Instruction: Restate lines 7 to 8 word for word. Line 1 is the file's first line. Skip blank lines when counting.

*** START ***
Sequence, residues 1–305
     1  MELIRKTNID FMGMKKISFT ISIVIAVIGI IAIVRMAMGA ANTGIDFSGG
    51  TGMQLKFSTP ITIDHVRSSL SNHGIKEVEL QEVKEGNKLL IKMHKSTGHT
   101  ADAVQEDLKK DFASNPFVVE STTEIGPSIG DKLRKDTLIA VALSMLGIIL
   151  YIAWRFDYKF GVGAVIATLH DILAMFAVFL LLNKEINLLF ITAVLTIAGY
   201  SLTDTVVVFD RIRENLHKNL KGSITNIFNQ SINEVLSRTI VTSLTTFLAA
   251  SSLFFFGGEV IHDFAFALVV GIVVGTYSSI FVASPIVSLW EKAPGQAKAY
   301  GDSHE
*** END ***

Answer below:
   251  SSLFFFGGEV IHDFAFALVV GIVVGTYSSI FVASPIVSLW EKAPGQAKAY
   301  GDSHE